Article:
Event review: Hakkasan wine tasting

We discover the process of how the wine list at Hakkasan is created
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FOOD & BEVERAGE

Christine Parkinson is a refreshingly humble person for someone with such an encyclopaedic knowledge of wine. Hakkasan’s group head of wine modestly describes how she “didn’t have a clue” which wines would pair with Chinese food when she initially set out to build the restaurant company’s wine lists.

“What goes with Chinese? Someone suggested Gewürztraminer, but we couldn’t create a wine list just from that,” she recalls.

And she painfully recounts a meeting with a respected journalist at which she recommended a food and wine pairing only for them both to discover — to her horror — that the pairing was a terrible mismatch.

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The journey that Parkinson and the Hakkasan teams around the world have undertaken since that chastening experience has involved a process of discovery that has seen every one of the hundreds of wines listed on the menu (350 at Hakkasan Dubai alone, including 160–170 exclusive special imports) — and every new vintage of those wines — tried and tested with the restaurants’ food.

Tuesday tastings take place every fortnight with the sommeliers and other staff. Parkinson admits it is a subjective process as everyone has different tastes and flavour receptors. “That’s why we do it as a team — by committee,” she says.No one has a ‘black ball’ or veto as such, but Parkinson is looking for general consensus.

“You will experience very different flavours throughout the meal, so they can’t all pair perfectly,” advises Parkinson,“but we need to make sure no wine ruins the meal.

“A wine can be great with three courses but if it bombs with one, it doesn’t make it.

“Some wines are just terrible with some of our food,” she admits, candidly. “For example, left bank Bordeaux wines are fiendishly challenging.” And equally, she adds, Cantonese cuisine has a lot of sweetness and that can be difficult to partner with wine.

This special Tuesday Tasting (which happens to be on a Monday) is co-hosted by Olivier Gasselin, Hakkasan’s head of wine for Middle East & Asia, who has already reduced an initial longlist to a shortlist of two whites and three reds:

• Reisling “Blue Slate” Dr Loosen 2013 (12.5%)
• Sauvignon Blanc “Kekerengu Coast” Astrolabe 2012 (13%)
• Pinot Noir Astrolabe 2014 (14%)
• Primitivo Salento “Sasseo” MasseriaAltemura 2013 (14.5%)
• Fitou Domaine de Roudene 2011 (13.5)

And as we settle into our seats in the middle of the restaurant, in front of five pristine, empty glasses, a pencil and an A4 sheet of paper featuring a 5x4 grid, the pair explain our duties.

The wines are listed on the Y-axis of the grid, and along the X-axis are the various dishes organised into mild, savoury, sweet and spicy groupings.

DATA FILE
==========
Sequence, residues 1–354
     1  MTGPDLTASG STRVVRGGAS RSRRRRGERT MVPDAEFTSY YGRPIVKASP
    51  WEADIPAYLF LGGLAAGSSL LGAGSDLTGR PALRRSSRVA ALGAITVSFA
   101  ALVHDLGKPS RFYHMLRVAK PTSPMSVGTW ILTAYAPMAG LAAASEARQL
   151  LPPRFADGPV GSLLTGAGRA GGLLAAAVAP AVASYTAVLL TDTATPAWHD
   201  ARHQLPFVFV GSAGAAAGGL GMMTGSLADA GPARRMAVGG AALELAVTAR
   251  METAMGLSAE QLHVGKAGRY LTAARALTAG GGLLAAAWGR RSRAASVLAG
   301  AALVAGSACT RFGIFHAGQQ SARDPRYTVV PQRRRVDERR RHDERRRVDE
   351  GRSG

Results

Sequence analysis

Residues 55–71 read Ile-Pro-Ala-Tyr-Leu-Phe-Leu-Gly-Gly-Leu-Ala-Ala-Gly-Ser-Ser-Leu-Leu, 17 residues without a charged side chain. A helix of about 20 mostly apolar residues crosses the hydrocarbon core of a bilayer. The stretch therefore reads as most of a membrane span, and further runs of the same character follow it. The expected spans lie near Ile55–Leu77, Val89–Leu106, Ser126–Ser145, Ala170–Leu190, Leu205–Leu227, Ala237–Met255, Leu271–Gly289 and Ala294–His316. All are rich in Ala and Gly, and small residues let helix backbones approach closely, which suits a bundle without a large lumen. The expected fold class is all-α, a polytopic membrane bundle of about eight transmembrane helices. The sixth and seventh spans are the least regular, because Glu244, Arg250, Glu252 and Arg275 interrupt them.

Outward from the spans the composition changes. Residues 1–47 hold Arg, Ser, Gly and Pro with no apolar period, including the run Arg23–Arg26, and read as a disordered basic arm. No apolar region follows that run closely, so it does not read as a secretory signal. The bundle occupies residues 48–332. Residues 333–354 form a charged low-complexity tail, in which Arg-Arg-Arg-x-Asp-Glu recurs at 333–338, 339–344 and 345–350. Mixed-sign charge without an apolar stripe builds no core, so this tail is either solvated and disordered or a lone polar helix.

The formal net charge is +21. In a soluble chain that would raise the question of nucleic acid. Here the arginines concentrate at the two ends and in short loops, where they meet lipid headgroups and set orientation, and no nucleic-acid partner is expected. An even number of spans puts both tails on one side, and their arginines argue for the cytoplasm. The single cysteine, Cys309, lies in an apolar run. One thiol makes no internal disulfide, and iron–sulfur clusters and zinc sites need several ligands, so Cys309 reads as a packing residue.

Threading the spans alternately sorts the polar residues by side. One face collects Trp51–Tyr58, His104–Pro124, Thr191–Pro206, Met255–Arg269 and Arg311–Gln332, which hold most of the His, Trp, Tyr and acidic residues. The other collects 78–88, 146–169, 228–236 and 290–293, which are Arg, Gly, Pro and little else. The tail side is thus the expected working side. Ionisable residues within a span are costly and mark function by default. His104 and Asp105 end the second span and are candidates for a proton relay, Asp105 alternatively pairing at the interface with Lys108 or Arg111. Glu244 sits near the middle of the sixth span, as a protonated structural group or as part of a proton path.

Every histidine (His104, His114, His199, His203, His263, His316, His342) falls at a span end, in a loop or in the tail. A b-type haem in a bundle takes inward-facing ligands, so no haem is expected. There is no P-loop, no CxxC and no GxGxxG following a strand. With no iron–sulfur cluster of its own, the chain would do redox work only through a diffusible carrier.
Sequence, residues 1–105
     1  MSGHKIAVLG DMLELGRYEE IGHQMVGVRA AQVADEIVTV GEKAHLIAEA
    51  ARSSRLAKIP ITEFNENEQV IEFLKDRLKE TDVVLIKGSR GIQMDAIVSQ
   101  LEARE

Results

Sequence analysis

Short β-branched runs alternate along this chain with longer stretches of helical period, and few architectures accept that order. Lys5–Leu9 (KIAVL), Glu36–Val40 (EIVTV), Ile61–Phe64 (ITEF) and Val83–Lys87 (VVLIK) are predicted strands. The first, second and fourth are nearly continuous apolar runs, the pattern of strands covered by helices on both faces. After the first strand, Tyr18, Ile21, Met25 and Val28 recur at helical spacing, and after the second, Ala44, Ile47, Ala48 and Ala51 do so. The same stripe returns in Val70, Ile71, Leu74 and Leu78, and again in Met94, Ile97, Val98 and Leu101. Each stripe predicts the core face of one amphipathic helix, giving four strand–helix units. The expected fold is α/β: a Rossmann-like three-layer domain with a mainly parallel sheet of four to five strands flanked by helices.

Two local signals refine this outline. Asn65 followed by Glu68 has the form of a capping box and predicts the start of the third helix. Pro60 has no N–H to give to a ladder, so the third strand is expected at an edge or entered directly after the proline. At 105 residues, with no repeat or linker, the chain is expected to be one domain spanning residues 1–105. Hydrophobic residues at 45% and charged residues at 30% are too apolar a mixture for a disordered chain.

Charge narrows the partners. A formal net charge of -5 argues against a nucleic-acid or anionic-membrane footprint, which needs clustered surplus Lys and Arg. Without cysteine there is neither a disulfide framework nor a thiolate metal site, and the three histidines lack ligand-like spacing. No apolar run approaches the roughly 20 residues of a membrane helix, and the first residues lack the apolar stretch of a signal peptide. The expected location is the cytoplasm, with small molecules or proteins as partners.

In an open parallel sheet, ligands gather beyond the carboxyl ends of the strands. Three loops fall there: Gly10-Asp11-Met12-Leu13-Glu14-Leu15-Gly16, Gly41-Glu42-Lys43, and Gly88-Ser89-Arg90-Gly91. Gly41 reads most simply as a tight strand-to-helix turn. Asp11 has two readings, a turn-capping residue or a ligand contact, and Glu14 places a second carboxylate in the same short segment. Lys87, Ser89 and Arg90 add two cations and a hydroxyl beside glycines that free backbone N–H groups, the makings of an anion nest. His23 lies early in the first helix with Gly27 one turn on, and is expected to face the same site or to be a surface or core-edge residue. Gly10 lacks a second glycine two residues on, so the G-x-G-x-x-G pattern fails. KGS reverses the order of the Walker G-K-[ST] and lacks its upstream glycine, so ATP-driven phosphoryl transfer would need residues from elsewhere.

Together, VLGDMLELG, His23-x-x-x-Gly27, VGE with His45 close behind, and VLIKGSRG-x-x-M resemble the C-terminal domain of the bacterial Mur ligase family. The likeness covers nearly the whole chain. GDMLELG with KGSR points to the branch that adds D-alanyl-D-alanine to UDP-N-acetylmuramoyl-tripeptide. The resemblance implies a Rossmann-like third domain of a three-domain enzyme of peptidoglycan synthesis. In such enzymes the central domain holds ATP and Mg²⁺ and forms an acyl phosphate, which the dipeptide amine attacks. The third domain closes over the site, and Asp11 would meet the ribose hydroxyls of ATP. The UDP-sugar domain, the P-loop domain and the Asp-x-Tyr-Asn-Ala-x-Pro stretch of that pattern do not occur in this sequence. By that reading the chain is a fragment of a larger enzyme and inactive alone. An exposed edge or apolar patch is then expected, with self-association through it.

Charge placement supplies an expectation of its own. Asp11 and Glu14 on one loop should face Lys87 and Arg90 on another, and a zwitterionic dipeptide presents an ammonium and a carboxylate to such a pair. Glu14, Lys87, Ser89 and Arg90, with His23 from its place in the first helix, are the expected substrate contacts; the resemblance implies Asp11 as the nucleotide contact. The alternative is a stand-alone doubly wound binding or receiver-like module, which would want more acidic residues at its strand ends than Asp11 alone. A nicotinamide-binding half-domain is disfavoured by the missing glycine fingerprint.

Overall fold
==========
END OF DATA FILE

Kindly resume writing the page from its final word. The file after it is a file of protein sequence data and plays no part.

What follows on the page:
So the wine is poured and the food is served, and we Tuesday Tasters begin diligently to mark our scoresheets with: P+ (pass plus) for “a great match”; P (pass) for ”wine and food work together”; ? (question) for “a poor match but drinkable” and O (out), which means “awful, undrinkable”.

And immediately there’s a problem for the Fitou. “I was worried about that one,” says Parkinson. Perfectly pleasant on its own, it clashes terribly with the mild dishes, which include fried scampi & foie gras and seared scallops & caviar. Things don’t improve for the wine with the savoury or spicy meals, and unravel entirely with the sweet plates. It’s out.

The Masseria Altemura divides opinion and — as such — also fails to make the cut.

But the others all fare better, and the aggregate scores reveal a triumph for the Reisling and Pinot Noir; and a more qualified success for the Sauvignon Blanc.

These three will find their way on to the Hakkasan wine list — in Dubai at least — taking their place alongside those that have previously passed muster.

Hakkasan doesn’t provide explicit wine and food matching advice on its menu. The descriptors for each wine are simple and concise, but the team can be sure that any wine choice will work (or at least be drinkable) with any dish.

And with four trained sommeliers on the staff, and usually two or three working any dinner shift, customers can always call on a walking, talking expert to guide them through the well-organised wine listings.

Gasselin says that most requests for a sommelier recommendation centre on the choice of grape varieties, regional variations and, increasingly, the price, rather than what wine would work well with the prawn fritters & truffle or Chilean seabass with Chinese honey, for example.

As the Tuesday Tasting draws to a close, Parkinson genuinely thanks us for our ‘efforts’. “When you see the three wines on the Hakkasan list,” she says, “remember the food you had to taste to get them there.”

We certainly will. It was our pleasure. And coincidentally, we are definitely available every second Tuesday!

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